Monday, June 4, 2012

Video: Running Is Fun 2

As originally posted on

It's always great to remind each other that this running thing that we do is supposed to be FUN. No doubt about it. I have a motto with everything that I do.. "if you're not having fun, then why are you doing it?" I've asked myself the very same question during 100 Mile races... where once the fun was gone, I decided to go home early..

This past weekend I worked on a video that was the brain child of Jerry Armstrong. If you don't know who Jerry is.. he's one of those top 5 or top 10 runner types who actually hangs out with mediocre runners like myself.. even while training for big races. In the year that I've known Jerry... I know for a fact that this dude... "GETS IT."

Jerry came up with an idea for a video a month or two ago called Running is Fun. It was a huge hit.. and inspired many folks to reach out and say thanks. "Thanks for the reminder.." that all of this is supposed to be fun. Sometimes we get caught up in the goal, or the watch, or the stretching and hopping about at the starting line, that we forget what this journey is supposed to be all about..

Ever watched a child run?? Ever notice the smile on their face and how simple it really is? NO special shoes, or gadgets or anything.. just fun.

Friday, June 1, 2012

The Trekking Pole Advantage

As I struggled up the back side of Hope Pass in 2011's Leadville 100 Mile Ultra, I was incredibly grateful to have my poles in hand. Or was I? In all the years I've been running Ultramarathons, The 2011 Leadville 100 is the only official ultra run where I've run any length of the race with a pair of poles in my hand. Over the years, I've lurked as the long discussion about poles has played out. Purists are totally against them and many others assert that they offer an unfair advantage to those using them. Not only have I now used them in at least one event, but I recently just used them on my trek across the Grand Canyon. In this post, I'd like to offer up my thoughts on the trekking pole discussion.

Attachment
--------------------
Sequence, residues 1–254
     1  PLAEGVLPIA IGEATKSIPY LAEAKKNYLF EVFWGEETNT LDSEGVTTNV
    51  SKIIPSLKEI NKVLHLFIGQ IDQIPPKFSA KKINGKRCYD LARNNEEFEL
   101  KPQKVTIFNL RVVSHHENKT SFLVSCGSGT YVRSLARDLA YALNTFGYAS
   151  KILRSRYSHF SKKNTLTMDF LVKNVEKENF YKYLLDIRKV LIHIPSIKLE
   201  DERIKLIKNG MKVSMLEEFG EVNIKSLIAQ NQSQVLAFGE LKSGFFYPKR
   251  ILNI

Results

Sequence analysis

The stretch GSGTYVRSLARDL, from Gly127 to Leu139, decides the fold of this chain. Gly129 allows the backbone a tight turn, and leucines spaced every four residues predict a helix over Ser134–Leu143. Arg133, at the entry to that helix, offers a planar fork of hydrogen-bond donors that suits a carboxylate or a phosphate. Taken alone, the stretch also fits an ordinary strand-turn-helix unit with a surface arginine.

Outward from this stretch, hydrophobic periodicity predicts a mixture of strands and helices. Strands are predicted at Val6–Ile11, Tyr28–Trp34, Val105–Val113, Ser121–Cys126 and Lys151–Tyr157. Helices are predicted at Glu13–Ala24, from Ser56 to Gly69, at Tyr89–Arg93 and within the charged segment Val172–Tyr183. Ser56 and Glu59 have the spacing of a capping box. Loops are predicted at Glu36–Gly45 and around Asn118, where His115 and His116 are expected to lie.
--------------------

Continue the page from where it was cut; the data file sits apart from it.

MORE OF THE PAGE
Also Available On:

Races Don't Allow Them

This is correct. Many of the races don't allow trekking poles out on the course, but the reason has nothing to do with if the poles are an advantage for some runners or not. The reason is simply from a risk management perspective. When I guide here in Colorado's Front Range, we actually discourage the use of poles by our clients. Mostly because if the client is to fall, the poles pose a serious safety threat to the hiker as well as those whom are hiking around them. The same is true for poles during an ultra. Most races ban the use of poles in their race because their use poses a serious threat to the safety of the runner and other runners.